This Christmas I unwrapped an unexpected present. It was a bright blue notebook, A5 size, with nicely lined smooth paper, and with its own pen in a handy holder and a ribbon bookmark. It was a thing of beauty and I immediately fell in love with it. A new blank notebook is a wonderful thing; full of potential; alluringly sensual with the promise of words and imagination which can take one anywhere. A new notebook is a magic carpet, the pen a lamp with a genie inside. This notebook had an intriguing title on the cover: “Gratitude.”
My friend who gave me the book had included instructions. “Every night, before you sleep, write down in this book three things for which you are grateful. I promise this will change your life.”
It’s only been a month and I have not used it every night – to my shame – but I have seen a difference. It makes a difference going to sleep remembering three things in the day which have gone well, or for which I am grateful. This lockdown has been hard and my depression for the last two months harder, but there are joys too. Sometimes it is difficult to find three things, but I keep thinking and always come up with something, even if it is a small something.
The three points of gratitude can be small, even insignificant things. Tonight, one of them will be the flower I saw on my walk today – a promise that spring is on its way. Sometimes they are big things, like my immense thankfulness that my dear friend Raz and his family are all recovering well from Covid.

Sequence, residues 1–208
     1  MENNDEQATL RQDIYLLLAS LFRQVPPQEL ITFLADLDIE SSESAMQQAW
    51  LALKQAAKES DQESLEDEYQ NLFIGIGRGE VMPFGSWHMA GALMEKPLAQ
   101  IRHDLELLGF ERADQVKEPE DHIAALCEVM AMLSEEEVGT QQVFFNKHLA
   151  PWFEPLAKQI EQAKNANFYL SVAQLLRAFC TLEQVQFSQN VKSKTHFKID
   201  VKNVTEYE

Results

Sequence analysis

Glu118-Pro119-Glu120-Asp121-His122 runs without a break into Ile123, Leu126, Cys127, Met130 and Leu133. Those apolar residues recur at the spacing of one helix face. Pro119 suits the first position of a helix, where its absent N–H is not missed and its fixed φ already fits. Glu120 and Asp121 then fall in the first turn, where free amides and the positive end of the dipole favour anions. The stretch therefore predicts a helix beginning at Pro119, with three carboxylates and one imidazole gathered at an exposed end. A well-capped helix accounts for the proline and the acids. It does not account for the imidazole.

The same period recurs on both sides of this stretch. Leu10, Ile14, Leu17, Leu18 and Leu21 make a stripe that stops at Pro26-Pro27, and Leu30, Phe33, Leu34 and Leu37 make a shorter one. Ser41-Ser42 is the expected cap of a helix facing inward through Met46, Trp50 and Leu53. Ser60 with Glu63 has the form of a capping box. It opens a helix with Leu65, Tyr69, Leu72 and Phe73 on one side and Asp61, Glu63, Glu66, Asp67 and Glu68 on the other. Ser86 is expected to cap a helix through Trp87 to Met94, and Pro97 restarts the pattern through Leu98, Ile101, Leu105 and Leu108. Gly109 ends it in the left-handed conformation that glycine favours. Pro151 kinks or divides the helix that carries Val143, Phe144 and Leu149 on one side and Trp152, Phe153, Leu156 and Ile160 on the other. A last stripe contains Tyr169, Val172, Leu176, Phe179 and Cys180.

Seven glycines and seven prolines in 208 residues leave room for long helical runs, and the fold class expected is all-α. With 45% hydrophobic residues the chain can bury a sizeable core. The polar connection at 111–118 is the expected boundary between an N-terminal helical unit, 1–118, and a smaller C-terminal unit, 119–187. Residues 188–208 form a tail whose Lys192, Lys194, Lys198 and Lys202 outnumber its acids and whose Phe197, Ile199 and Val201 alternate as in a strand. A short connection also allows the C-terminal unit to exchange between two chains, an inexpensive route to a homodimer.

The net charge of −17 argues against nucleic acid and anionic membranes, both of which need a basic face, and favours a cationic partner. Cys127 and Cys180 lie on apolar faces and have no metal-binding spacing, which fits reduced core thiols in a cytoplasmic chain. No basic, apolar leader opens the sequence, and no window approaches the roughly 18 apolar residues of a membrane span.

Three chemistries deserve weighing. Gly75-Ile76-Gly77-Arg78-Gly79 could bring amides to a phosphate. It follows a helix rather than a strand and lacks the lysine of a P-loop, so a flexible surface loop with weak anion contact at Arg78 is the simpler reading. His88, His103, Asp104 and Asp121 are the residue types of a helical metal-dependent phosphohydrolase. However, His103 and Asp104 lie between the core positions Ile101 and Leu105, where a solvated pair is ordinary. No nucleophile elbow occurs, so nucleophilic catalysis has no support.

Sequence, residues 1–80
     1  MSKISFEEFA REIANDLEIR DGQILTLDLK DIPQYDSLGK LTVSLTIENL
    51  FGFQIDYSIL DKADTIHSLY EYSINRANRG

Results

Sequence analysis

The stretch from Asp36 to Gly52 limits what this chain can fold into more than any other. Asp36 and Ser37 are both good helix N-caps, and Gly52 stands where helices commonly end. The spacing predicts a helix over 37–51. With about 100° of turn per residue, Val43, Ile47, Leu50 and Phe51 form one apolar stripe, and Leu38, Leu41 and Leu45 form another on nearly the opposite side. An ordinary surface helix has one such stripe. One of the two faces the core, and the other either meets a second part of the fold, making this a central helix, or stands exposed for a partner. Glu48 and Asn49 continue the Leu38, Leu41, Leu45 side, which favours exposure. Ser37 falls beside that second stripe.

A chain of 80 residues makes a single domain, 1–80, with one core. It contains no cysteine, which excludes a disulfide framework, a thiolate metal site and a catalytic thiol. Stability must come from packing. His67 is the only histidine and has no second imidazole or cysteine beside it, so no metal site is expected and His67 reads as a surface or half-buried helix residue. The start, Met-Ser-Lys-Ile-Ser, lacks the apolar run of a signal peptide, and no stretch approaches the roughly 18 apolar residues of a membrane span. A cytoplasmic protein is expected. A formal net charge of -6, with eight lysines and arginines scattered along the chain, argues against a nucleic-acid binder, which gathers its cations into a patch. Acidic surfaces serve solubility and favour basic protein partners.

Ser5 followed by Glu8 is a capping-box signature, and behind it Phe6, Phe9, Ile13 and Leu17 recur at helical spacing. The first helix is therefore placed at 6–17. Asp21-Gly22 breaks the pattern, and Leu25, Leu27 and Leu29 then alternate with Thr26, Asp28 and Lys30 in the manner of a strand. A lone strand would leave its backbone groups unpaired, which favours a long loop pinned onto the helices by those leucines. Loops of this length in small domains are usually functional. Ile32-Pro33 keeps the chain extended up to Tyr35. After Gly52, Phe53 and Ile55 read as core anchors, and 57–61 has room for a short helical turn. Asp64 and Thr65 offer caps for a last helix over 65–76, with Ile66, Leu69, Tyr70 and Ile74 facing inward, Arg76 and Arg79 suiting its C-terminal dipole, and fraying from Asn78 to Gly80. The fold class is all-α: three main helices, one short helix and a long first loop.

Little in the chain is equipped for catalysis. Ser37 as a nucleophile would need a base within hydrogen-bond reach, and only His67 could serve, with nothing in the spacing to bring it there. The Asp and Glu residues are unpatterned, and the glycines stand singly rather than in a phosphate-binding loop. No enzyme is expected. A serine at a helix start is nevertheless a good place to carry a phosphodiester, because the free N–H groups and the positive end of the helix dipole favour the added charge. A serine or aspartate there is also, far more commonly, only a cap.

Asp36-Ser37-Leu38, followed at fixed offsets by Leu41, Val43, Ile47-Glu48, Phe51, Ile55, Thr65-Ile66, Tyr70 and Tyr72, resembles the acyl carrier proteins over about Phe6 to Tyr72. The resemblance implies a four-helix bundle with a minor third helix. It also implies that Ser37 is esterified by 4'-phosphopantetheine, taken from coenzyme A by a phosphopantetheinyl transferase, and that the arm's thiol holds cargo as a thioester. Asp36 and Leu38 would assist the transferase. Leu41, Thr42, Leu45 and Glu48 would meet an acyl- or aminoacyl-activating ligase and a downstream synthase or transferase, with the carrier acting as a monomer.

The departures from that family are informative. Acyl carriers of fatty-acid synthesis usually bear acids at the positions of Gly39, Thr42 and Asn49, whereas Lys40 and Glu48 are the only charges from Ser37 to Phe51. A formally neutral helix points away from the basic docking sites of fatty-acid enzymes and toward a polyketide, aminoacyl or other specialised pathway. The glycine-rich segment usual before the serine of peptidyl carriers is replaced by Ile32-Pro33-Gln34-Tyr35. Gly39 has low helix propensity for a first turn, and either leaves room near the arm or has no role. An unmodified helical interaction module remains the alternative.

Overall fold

I am not sure if the quality of my sleep is improved by this gratitude discipline, but I know I do drift off with a smile on my face and joy in my heart, rather than on a bitter reflection of the day with all its disappointments and failures. Even thinking about some of these points of gratitude makes me smile now. A zoom chat with a friend; a challenging paper engineering project which came out well; finishing my daily ‘to do’ list (that one is rare, but it has happened); watching an interesting programme on TV or reading a new and engrossing book; a blue sky and sun – or snow and my children’s joy as they built a snowman.
A constant cause for gratitude is the book itself. I am grateful for my friend who gave it to me, grateful for the lovely book itself, and immensely grateful for the discipline of gratitude itself.
A Moodscope member.